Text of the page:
What Do Students Remember?
At the end of each semester, as I read the last papers and enter the final grades, I wonder: how much of this will students actually remember a year from now — or a week from now? They ought to remember something. In a typical semester we will have spent some 40 hours together. Something must stick. But what is it? Material from the course? Skills they’ve mastered? The time a kid in the back row had his desk collapse right before a test?
A year ago I decided to try to find out. On each of the final exams I have given over the past three semesters I included the following question, worth one point of extra credit: "What one thing from the course did you find most memorable? Explain why."
I received 359 responses altogether from the nine courses I taught, courses that included everything from Western Civ. and European History to the U.S. History Survey, the American Revolution, and the Age of Jackson. While some of the results were predictable, others were surprising, instructive, and, ultimately, encouraging.
Students named something visual as most memorable more often than anything else. Twenty-nine percent cited a specific video or picture. Another 8 percent mentioned material that we covered only or primarily through a documentary. Thus, for more than a third of the students, the class will be associated with an image.
I expected videos and pictures to be popular, and I use a lot of them in my teaching. I showed documentaries such as The Last Stand of the 300, about the Spartans; Andrew Jackson: Good, Evil, and the Presidency; and The Nazi Officer’s Wife, about a young Jewish woman who survived the Holocaust in a very unconventional way. I also showed clips from TV shows and movies ranging from Johnny Tremain and HBO’s John Adams to Mad Men and Gladiator to examine how the past has been remembered.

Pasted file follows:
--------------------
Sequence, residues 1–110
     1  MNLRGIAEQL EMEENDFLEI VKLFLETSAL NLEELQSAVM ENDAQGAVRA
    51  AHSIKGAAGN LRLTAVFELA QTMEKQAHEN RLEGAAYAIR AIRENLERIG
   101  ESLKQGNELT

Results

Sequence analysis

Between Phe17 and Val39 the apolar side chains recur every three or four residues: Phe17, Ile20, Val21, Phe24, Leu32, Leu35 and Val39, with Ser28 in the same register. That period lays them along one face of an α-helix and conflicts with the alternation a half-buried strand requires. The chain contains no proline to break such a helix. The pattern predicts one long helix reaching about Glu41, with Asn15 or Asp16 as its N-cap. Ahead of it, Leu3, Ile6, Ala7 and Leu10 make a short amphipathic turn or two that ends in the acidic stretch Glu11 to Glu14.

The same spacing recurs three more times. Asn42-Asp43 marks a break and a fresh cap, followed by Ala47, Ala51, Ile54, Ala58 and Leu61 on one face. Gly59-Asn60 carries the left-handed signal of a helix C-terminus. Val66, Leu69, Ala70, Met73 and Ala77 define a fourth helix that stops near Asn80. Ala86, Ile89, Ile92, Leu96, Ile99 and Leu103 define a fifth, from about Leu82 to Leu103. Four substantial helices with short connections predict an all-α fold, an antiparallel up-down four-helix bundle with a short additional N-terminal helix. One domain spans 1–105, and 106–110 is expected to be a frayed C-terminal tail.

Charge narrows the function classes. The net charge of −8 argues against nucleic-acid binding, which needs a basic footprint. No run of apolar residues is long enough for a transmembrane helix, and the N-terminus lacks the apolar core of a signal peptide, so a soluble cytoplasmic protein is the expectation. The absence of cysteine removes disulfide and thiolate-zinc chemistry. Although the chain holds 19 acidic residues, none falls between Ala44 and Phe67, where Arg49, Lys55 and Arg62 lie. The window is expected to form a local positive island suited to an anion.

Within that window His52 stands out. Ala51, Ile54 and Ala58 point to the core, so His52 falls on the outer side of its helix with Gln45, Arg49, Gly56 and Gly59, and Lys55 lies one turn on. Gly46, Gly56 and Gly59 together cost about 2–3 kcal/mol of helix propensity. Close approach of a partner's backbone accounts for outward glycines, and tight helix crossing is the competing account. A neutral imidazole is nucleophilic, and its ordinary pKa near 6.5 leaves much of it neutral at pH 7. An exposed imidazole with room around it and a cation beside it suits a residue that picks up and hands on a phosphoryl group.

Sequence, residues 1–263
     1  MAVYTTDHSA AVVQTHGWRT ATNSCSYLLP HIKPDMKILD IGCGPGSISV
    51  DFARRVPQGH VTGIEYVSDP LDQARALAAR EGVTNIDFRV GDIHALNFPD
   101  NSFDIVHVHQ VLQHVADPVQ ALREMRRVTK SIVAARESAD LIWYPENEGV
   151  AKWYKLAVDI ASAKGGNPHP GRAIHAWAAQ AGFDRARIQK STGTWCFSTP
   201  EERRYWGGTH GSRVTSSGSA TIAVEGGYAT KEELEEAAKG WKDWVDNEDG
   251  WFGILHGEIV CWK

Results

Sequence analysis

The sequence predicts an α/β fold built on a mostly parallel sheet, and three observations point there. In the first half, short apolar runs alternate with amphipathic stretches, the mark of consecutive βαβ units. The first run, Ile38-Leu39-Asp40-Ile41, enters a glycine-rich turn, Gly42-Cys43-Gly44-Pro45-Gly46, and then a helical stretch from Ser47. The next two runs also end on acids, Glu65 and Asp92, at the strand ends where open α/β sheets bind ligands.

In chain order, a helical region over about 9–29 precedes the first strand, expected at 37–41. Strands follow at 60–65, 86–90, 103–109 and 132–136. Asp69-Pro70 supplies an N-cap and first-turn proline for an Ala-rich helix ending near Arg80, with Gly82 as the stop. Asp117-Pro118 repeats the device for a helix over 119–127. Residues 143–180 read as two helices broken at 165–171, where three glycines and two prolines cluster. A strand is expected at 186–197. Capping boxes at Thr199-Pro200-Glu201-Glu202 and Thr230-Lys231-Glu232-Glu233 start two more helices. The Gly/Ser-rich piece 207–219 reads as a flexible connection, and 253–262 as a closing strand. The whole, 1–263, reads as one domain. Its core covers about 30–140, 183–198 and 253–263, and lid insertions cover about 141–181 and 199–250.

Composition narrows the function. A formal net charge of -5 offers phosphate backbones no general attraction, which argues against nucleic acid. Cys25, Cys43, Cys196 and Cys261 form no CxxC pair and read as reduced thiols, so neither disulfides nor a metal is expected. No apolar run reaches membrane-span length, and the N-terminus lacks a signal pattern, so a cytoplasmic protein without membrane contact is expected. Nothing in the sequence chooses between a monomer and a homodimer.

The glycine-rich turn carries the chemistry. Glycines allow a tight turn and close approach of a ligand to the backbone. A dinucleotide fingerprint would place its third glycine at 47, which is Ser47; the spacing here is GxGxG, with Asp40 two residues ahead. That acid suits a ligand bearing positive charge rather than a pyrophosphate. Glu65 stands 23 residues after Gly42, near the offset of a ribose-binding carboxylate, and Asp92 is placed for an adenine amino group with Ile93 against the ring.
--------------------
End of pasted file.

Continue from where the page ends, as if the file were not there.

I did worry, though, about the courses lapsing into mere edu-tainment, with the visual elements amusing the audience of students while providing little intellectual substance. My survey results confirm that entertainment explains much of the popularity of the videos and pictures I showed. At the same time, reading between the lines of my students’ responses suggests that they also learned something important. Many of the Western Civ. students who cited The Last Stand of the 300 were struck by how different the Spartans' values were. The brutal training regimen of Spartan boys, in which they were taken from their families at age seven, attracted particular interest. One student wrote, "I couldn’t imagine my son gone not knowing if he would even survive the training [let alone] become a soldier."
Spartan women wouldn’t have wanted the sympathy. It was Spartan mothers, after all, who said to their sons, "Come back with your shield or on it." Several students remarked on the surprising toughness of these women. One student recalled the "Spartan people, especially the women and how they treated their sons and how the happiest moment for them would be when their sons were going into battle." Spartan mothers were not like the students’ moms today. Dropping off their kids at college, no one shouts, "Come back with your diploma or on it" from the family minivan. It's a basic point of history that the past is a foreign country. Students got that message from the documentary. For a survey class full of students who don’t really want to be taking the course, that's a vital point for them to understand.
A surprising number of students did not choose something visual. Some students even said that a book — a book! — was what they remembered most. Twenty-three students, upper-level majors as well as survey students, designated a book as what they best recalled. Seven students in my 20th-Century Europe class named Christopher Browning’s Ordinary Men, about a group of German police conscripts who helped perpetrate the Holocaust, as the most memorable part of the course. Ordinary Men is an extraordinary book, chilling, challenging, and compelling. It's gratifying to see that students responded to it.